C. Méuri, who had no fire, used to dry fish in the sun by placing it on a large tree, which was lying on the beach. Kapía came flying from Manávete with a fire-stick in his beak, and taught Méuri how to kindle a fire and cook. He stayed some time with Méuri in the shape of a man, but later on resumed the form of a bird and flew back to Manávete. (Obúro, Iása).

D. Méuri lived in a hole in the ground at Iásamúba and used to dry fish by putting it on a stranded nipa-palm. His mouth had a bad smell from all the raw fish he had eaten. Kapía brought him fire from Manávete. (Mánu, Ipisía).

E. Like version D. Kapia's cry was, la-ha, ia-ha," and the fire had burnt a red spot at each side of his beak. Méuri first fainted from the effect of the fire, but soon learnt to use it and to eat cooked food, following Kapía's example. Kapia flew away, but left the fire with Méuri for the use of all the Kiwai people. (Bogéra, Ipisía).

F Méuri, who lived alone in Díbiri, had no fire and used to dry fish on a tree. One day some people came and settled down in the same place, and they gave him a girl in marriage. She offered to prepare his meal, and he asked her to dry some fish in the sun. But she did not approve of that kind of cooking, which left the food very hard, and went to her own people to fetch fire. When Méuri returned from fishing she had lighted a big fire and was cooking his meal. It took Méuri a long while to get used to the fire and smoke and to eat cooked fish, and he even fainted on first tasting the new food. Méuri, ignorant of everything, was also taught by his wife to have connection with her. (Támetáme, Ipisia).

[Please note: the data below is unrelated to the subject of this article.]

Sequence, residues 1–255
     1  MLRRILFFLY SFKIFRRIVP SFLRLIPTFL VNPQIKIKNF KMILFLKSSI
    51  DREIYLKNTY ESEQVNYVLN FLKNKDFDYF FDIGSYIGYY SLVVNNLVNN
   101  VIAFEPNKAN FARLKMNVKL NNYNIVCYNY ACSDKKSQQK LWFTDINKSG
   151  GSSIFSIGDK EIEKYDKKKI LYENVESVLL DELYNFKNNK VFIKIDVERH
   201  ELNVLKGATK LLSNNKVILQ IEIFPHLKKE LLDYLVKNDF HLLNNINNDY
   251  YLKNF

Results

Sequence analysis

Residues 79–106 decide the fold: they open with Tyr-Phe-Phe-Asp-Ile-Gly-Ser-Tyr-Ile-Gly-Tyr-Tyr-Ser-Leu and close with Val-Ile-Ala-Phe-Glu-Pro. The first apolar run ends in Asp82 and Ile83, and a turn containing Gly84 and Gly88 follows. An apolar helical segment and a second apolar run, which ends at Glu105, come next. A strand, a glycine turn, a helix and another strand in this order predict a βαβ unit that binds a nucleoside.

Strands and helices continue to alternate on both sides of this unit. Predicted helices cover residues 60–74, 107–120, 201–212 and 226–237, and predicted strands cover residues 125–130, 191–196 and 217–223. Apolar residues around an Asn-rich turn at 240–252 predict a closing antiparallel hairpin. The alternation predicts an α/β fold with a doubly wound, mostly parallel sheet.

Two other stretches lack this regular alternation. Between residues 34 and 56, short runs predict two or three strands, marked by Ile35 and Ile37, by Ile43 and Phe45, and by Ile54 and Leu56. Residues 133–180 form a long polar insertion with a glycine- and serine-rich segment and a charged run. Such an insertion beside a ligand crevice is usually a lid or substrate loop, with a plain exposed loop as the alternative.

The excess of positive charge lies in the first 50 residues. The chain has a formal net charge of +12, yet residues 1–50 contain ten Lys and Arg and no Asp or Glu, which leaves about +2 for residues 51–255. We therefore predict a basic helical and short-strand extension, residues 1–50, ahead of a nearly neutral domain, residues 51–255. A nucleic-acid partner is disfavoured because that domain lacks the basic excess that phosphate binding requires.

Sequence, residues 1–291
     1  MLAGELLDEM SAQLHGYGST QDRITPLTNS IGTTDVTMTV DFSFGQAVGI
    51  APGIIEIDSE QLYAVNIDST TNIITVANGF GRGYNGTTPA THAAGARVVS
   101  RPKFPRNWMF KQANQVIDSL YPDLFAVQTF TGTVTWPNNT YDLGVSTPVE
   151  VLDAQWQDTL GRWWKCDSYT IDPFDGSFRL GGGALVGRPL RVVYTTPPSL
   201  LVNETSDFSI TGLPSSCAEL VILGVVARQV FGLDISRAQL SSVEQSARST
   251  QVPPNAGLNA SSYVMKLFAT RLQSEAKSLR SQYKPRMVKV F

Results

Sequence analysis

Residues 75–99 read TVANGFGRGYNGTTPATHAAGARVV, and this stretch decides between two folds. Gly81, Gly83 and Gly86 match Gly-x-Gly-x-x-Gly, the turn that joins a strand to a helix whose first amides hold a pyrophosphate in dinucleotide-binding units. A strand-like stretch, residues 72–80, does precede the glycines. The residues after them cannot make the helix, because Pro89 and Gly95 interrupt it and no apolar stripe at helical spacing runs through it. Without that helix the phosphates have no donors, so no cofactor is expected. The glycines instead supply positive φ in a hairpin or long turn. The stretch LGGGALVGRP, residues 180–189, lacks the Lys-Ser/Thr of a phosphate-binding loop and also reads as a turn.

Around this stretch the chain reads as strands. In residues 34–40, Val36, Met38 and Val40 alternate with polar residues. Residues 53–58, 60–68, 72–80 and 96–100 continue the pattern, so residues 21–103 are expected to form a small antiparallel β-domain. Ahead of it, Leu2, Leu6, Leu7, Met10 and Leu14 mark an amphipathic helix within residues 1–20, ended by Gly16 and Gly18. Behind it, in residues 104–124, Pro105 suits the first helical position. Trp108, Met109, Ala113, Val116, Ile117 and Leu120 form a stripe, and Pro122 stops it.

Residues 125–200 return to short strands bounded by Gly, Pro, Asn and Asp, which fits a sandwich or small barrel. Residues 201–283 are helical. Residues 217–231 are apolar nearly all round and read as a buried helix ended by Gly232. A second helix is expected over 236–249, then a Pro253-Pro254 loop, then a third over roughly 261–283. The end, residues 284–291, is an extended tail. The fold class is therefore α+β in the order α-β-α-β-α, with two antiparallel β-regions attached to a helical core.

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G. In Rep. Cambr. Anthrop. Exp. vol. v. 17. How Fire was brought to Kiwai. The animals and then the birds tried in turn to bring fire to Kiwai from the mainland. The black cockatoo succeeded, but burnt himself with it; and since then it bears the red scar round its bill.


273. A man named Turúma, who lived at Gíbu in Kíwai, used to catch fish which he dried in the sun on a large tree, for he had no fire. Gíbunogére, a mythical being belonging to Gíbu, lived there beneath the ground. He used to watch Turúma, thinking to himself, „Oh, Turúma put fish on top along wood, make him dry, he no got no fire, I sorry him." One day while Turúma was away spearing fish Gíbunogére dug a hole in the ground and lay down there, covering himself with earth, so as to hide himself from Turúma. On his return Turúma found Gíbunogére's footprints and wondered, "Who that walk along here? No man he stop, me one man (alone) stop my place."10 All of a sudden Gíbunogére got up and said, "Who you? What name (what is it) you talk?" "Oh, father," Turúma exclaimed terrified, where you come?" — it was in order to ingratiate himself with Gíbunogére that he called him father". Gibunogére said, „Me stop inside along ground, that my place. He good place, he got fire, you no got no fire, more better you go my place." Turúma who was still afraid, did not want to go, but Gíbunogére promised to give him fire and urged him to come. They went to Gíbunogére's place beneath the ground, and when Turúma sat down close to the fire he fainted.18 Gíbunogére bled him, made him drink water, and washed his body, and at last he came round. Turúma received Gíbunogére's daughter in marriage, and his penis was so large that the girl died when he slept with her in the night. They buried her, and Turúma, who was a chief man, went home and brought Gíbunogére many stone axes and necklaces of dogs teeth in payment for the girl. Turúma and Gíbunogére continued to live together. (Káku, Ipisía).

Turúma of Gíbu is mentioned in another rather incoherent tale. (Epére, Ipisía).